Scientists believe acupuncture activates the HPA axis system to help balance body function and trigger system wide self-healing, such as regulating body temperature, blood circulation, wound healing, digestion, immune system response, mood, and energy usage. The reaction is also believed to switch our brainwaves from highly active states of activity known as beta (states of alertness and stress), to more relaxed states known as alpha (states of relaxation and creativity), theta (states of meditation and deep thought), and delta (states of sleep and regeneration).

While still not well understood scientifically, recent research demonstrates that when acupuncture needles are inserted into the body, a tiny injury is created that stimulates nerve-rich areas of the skin and surrounding tissues. Although the tiny injury that is produced at the insertion site is small enough to cause little to no discomfort, it is believed it is enough of a signal to alert the body that it needs to respond.

This response is believed to involve the neuroendocrine system known as the HPA axis. The HPA axis is made up of a complex set of interactions between the hypothalamus, pituitary, and the adrenal glands. This is the part of our body that helps protect us from the perception of fear and threats to our survival.

And its the part that is involved in the organism’s response to stress, trauma, or injury.

Scientists believe acupuncture activates the HPA axis system to help balance body function and trigger system wide self-healing, such as regulating body temperature, blood circulation, wound healing, digestion, immune system response, mood, and energy usage. The reaction is also believed to switch our brainwaves from highly active states of activity known as beta (states of alertness and stress), to more relaxed states known as alpha (states of relaxation and creativity), theta (states of meditation and deep thought), and delta (states of sleep and regeneration).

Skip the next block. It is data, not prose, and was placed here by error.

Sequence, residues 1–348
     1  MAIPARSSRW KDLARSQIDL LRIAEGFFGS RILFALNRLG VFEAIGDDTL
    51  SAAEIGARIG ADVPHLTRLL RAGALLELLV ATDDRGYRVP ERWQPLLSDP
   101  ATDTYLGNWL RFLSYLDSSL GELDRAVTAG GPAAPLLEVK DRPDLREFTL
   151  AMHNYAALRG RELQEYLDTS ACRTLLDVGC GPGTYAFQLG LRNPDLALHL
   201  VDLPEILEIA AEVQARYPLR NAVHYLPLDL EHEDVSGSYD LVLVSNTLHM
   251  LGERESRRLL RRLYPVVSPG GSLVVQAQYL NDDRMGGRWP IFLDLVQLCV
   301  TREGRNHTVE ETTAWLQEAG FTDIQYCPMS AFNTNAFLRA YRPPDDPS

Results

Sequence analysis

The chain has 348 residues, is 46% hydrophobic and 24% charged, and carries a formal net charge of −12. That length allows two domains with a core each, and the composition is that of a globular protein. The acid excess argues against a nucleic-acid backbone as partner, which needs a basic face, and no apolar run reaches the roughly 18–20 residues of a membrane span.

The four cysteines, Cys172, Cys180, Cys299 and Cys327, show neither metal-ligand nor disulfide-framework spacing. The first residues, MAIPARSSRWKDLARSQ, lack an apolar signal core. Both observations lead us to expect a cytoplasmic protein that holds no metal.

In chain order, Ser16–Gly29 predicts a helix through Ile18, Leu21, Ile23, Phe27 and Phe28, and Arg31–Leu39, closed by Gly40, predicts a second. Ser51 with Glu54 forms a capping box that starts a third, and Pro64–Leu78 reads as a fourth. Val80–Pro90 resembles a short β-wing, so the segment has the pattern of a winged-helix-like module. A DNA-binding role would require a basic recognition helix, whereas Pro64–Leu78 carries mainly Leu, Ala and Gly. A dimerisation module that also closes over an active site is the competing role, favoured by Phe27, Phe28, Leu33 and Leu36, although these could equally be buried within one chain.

In either perspective, acupuncture remains one of the best natural therapies for pacifying and reseting the mind and emotions. And the bonus is it also simultaneously relaxes the muscles and joints of the physical body. This means you should never hesitate to visit your acupuncturist at the first recognition of lingering mental-emotional stress. Activating your natural self-healing mechanism with acupuncture may be exactly what you need to ward off unnecessary suffering from the long-term physically debilitating effects of mental-emotional stress on the body.

 

About the Author

authorRene M. Rodriguez is a Doctor of Oriental Medicine and board licensed acupuncturist with 20 years experience in alternative natural medicine. He's in private practice in Los Angeles, CA, speciliazing in digestive disorders, skin conditions, infections, environmental illness, and mind-body health and wellness. For more information, please click here.